Every library both embraces and rejects. Every library is by definition the result of choice, and necessarily limited in its scope. And every choice excludes another, the choice not made. The act of reading parallels endlessly the act of censorship.
You may have heard about the mandatory online filter being proposed in the UK. If not, you may want to find out more. And, either way, but especially if you are in the UK, you may consider checking out some of the dissent to the idea, including petition at “UK Prime Minister David Cameron: Stop the unnecessary censorship of ‘esoteric’ websites and web forums!”
“Can you imagine a world where access to spiritual information was blocked by the government? What if you stopped by an internet cafe, only to find your favorite website was banned by a public web filter, or your friend’s natural health website was blocked because it mentioned ‘spiritual healing’ techniques? A disturbing movement to censor perfectly legal spiritual information is growing (right now in the UK, but other countries are poised to jump on the bandwagon), and will continue unchecked unless people become aware of the problem and protest it. Find out more about the UK filter, and how it will affect you, below.” [via]
“Nin was a pioneer as one of the first women to ply the dirty book trade and she eventually let the works be collected and published widely under the titles Delta of Venus and Little Birds. She’s considered to be among the best writers of the female sexual experience.
Along with Miller, Nin became a counterculture hero during the unrest of the 1960’s. While Miller championed freedom of libido in his writing and fought for free of speech in his battles against censorship, Nin was perceived as the kind of strong, talented, liberated woman that the just-budding feminist movement was still trying to articulate.” [via]
This year is the 30th anniversary of ALA’s Banned Books Week, which is this week: September 30−October 6, 2012.
“Banned Books Week is an annual event celebrating the freedom to read. Typically held during the last week of September, it highlights the value of free and open access to information. Banned Books Week brings together the entire book community — librarians, booksellers, publishers, journalists, teachers, and readers of all types — in shared support of the freedom to seek and to express ideas, even those some consider unorthodox or unpopular.” [via]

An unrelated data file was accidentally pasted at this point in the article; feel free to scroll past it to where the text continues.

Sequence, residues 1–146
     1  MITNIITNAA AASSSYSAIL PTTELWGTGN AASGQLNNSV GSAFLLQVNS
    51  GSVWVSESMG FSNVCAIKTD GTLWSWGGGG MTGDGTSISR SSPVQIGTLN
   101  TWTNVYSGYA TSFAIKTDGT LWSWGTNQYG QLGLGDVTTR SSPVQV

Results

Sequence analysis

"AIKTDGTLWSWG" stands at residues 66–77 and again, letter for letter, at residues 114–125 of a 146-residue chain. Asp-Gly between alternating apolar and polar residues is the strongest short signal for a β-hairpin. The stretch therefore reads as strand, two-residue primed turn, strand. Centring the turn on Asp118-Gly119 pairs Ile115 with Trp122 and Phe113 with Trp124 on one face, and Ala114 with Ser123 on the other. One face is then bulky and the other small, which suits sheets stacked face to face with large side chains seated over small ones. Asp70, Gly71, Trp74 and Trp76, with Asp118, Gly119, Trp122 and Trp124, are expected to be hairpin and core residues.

Also, you know, check out the Hermetic Library for some transgressive and subversive material to read, including a few works that have been banned at one time or another in their own right in the past and that, no doubt, some would want banned or removed even now.
It’s that time of year again for ALA’s Banned Books Week, September 24−October 1, 2011.
“Banned Books Week (BBW) is an annual event celebrating the freedom to read and the importance of the First Amendment. Held during the last week of September, Banned Books Week highlights the benefits of free and open access to information while drawing attention to the harms of censorship by spotlighting actual or attempted bannings of books across the United States.
Intellectual freedom—the freedom to access information and express ideas, even if the information and ideas might be considered unorthodox or unpopular—provides the foundation for Banned Books Week. BBW stresses the importance of ensuring the availability of unorthodox or unpopular viewpoints for all who wish to read and access them.
The books featured during Banned Books Week have been targets of attempted bannings. Fortunately, while some books were banned or restricted, in a majority of cases the books were not banned, all thanks to the efforts of librarians, teachers, booksellers, and members of the community to retain the books in the library collections. Imagine how many more books might be challenged—and possibly banned or restricted—if librarians, teachers, and booksellers across the country did not use Banned Books Week each year to teach the importance of our First Amendment rights and the power of literature, and to draw attention to the danger that exists when restraints are imposed on the availability of information in a free society.” [via]
Also, you know, check out the Hermetic Library for some subversive material to read, including a few works that have been banned at one time or another in their own right.